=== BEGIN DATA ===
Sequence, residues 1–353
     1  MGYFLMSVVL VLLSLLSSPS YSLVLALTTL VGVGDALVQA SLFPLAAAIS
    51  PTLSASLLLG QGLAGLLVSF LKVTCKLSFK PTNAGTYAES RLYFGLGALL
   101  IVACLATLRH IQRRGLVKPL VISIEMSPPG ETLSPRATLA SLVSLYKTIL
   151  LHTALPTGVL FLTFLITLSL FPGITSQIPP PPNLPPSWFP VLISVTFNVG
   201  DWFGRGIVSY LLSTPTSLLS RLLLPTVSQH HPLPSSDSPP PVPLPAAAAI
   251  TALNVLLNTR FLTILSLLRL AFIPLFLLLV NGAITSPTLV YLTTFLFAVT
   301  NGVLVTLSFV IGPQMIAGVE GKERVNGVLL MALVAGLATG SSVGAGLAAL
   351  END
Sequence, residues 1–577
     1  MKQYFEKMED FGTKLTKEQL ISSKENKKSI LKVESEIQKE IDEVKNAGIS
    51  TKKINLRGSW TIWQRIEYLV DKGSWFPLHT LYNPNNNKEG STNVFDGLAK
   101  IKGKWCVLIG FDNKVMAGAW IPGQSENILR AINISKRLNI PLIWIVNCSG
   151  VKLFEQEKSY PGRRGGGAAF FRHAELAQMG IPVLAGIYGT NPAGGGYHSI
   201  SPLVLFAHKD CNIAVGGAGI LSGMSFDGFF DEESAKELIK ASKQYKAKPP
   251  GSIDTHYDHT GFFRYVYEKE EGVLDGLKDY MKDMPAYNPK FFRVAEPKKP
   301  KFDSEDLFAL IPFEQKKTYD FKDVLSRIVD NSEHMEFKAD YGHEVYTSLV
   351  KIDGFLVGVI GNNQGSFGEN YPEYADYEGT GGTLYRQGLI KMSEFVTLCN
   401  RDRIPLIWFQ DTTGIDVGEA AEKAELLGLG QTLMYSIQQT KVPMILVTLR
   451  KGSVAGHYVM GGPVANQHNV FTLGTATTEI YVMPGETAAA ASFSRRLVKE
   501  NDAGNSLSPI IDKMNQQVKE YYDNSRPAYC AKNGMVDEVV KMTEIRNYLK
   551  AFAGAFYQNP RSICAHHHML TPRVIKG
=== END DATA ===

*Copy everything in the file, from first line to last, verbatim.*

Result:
Sequence, residues 1–353
     1  MGYFLMSVVL VLLSLLSSPS YSLVLALTTL VGVGDALVQA SLFPLAAAIS
    51  PTLSASLLLG QGLAGLLVSF LKVTCKLSFK PTNAGTYAES RLYFGLGALL
   101  IVACLATLRH IQRRGLVKPL VISIEMSPPG ETLSPRATLA SLVSLYKTIL
   151  LHTALPTGVL FLTFLITLSL FPGITSQIPP PPNLPPSWFP VLISVTFNVG
   201  DWFGRGIVSY LLSTPTSLLS RLLLPTVSQH HPLPSSDSPP PVPLPAAAAI
   251  TALNVLLNTR FLTILSLLRL AFIPLFLLLV NGAITSPTLV YLTTFLFAVT
   301  NGVLVTLSFV IGPQMIAGVE GKERVNGVLL MALVAGLATG SSVGAGLAAL
   351  END
Sequence, residues 1–577
     1  MKQYFEKMED FGTKLTKEQL ISSKENKKSI LKVESEIQKE IDEVKNAGIS
    51  TKKINLRGSW TIWQRIEYLV DKGSWFPLHT LYNPNNNKEG STNVFDGLAK
   101  IKGKWCVLIG FDNKVMAGAW IPGQSENILR AINISKRLNI PLIWIVNCSG
   151  VKLFEQEKSY PGRRGGGAAF FRHAELAQMG IPVLAGIYGT NPAGGGYHSI
   201  SPLVLFAHKD CNIAVGGAGI LSGMSFDGFF DEESAKELIK ASKQYKAKPP
   251  GSIDTHYDHT GFFRYVYEKE EGVLDGLKDY MKDMPAYNPK FFRVAEPKKP
   301  KFDSEDLFAL IPFEQKKTYD FKDVLSRIVD NSEHMEFKAD YGHEVYTSLV
   351  KIDGFLVGVI GNNQGSFGEN YPEYADYEGT GGTLYRQGLI KMSEFVTLCN
   401  RDRIPLIWFQ DTTGIDVGEA AEKAELLGLG QTLMYSIQQT KVPMILVTLR
   451  KGSVAGHYVM GGPVANQHNV FTLGTATTEI YVMPGETAAA ASFSRRLVKE
   501  NDAGNSLSPI IDKMNQQVKE YYDNSRPAYC AKNGMVDEVV KMTEIRNYLK
   551  AFAGAFYQNP RSICAHHHML TPRVIKG